Happy Armistice Day

vonnegutI don’t dislike the military. I think we, as a nation, spend far too much on it, and I think that we’d ultimately be better served by investing a great deal of that money on education, alternative energy research and any number of other things instead, but, in general, I don’t have an issue with the military. I’m proud of my grandfathers’ service during WWII, and I acknowledge the fact that, had my father not served during the Vietnam War, and learned a trade, I might never have gone to college, or, for that matter, left rural Kentucky. With that said, though, I’m in agreement with Kurt Vonnegut on the subject of Veterans’ Day. Here, for those of you who have never read his brilliant novel Breakfast of Champions, is a clip.

…I will come to a time in my backwards trip when November eleventh, accidentally my birthday, was a sacred day called Armistice Day. When I was a boy, and when Dwayne Hoover was a boy, all the people of all the nations which had fought in the First World War were silent during the eleventh minute of the eleventh hour of Armistice Day, which was the eleventh day of the eleventh month.

It was during that minute in nineteen hundred and eighteen, that millions upon millions of human beings stopped butchering one another. I have talked to old men who were on battlefields during that minute. They have told me in one way or another that the sudden silence was the Voice of God. So we still have among us some men who can remember when God spoke clearly to mankind.

Armistice Day has become Veterans’ Day. Armistice Day was sacred. Veterans’ Day is not.

So I will throw Veterans’ Day over my shoulder. Armistice Day I will keep. I don’t want to throw away any sacred things…

I know times change, and references to WWI no longer carry the same significance they may have in the past, but it seems to me that the world could use a holiday dedicated to the absence of war. Which, again, isn’t to say that our men in women in uniform aren’t deserving of respect. They are. The sacrifices they make are enormous. But, with that said, might it not be more meaningful to acknowledge their service with a celebration of peace, rather than a Veterans’ Day sale at the local strip mall and a discounted meal at Hooters?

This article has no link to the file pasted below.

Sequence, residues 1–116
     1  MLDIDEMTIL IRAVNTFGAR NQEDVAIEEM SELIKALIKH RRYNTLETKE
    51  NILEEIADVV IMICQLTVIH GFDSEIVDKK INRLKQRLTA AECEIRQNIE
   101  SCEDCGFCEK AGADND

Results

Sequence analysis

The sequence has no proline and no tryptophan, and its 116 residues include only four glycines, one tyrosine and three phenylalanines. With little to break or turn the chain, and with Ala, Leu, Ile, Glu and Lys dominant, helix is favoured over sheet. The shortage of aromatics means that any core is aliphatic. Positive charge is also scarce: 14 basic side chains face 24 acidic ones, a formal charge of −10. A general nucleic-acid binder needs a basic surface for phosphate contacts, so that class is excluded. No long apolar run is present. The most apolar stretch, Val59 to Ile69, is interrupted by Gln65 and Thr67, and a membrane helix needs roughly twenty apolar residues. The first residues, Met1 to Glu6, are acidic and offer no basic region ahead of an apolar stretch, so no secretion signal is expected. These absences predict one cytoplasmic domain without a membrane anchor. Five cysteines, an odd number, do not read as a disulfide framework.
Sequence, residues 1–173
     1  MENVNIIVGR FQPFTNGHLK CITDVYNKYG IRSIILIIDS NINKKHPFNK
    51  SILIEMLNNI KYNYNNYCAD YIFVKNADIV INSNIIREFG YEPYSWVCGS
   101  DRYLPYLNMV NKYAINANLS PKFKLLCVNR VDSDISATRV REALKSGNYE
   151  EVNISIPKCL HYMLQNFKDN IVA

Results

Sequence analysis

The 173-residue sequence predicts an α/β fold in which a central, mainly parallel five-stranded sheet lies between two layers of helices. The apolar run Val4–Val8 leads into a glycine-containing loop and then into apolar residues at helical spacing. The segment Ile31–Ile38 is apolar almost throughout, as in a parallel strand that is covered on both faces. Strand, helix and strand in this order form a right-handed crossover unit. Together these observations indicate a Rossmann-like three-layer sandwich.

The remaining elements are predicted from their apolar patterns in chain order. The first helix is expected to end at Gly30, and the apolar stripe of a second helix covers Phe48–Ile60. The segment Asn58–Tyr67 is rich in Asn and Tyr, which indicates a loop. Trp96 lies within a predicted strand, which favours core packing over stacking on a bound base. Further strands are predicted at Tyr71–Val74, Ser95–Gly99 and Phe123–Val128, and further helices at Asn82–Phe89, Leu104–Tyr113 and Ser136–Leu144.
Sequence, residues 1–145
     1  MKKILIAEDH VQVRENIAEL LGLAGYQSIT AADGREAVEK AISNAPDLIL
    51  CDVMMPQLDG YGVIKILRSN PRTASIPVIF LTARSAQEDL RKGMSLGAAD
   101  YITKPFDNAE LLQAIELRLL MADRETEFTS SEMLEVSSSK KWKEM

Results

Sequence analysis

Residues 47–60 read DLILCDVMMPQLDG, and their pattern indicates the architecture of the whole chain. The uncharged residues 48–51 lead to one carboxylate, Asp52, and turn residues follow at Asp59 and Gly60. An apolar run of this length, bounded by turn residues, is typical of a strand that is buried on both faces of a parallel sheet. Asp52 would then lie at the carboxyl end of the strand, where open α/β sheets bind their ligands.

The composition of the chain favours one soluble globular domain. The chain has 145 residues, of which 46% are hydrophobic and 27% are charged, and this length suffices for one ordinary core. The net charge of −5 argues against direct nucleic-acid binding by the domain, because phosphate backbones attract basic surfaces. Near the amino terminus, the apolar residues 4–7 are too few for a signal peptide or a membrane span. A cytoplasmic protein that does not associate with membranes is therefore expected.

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5 Comments

  1. Tom
    Posted November 12, 2013 at 9:07 am | Permalink

    We live in a country where people are conditioned to think it’s un-American to pray or peace, where you’re thought to be a supporter of our men and women in uniform if you put a ribbon on your car, but not if you protest to keep our soldiers out of the middle east. It’s upside down.

  2. Eel
    Posted November 12, 2013 at 10:40 am | Permalink

    Risk your life, get half off wings one day a year.

  3. Elf
    Posted November 12, 2013 at 3:27 pm | Permalink

    We don’t honor the peace, but the killing.

  4. John Galt
    Posted November 13, 2013 at 3:08 pm | Permalink

    Sure, a hippie peacenik like Vonnegut feels this way, but how about a real war hero like Ted Nugent? I bet he’d see it differently.

  5. I80
    Posted November 15, 2013 at 12:50 pm | Permalink

    War is all we have left. We’re like a great TV show that should have run for three seasons but instead pushes for nine. At this point the narrative is just sex and violence. All the subtlety has been stripped away.

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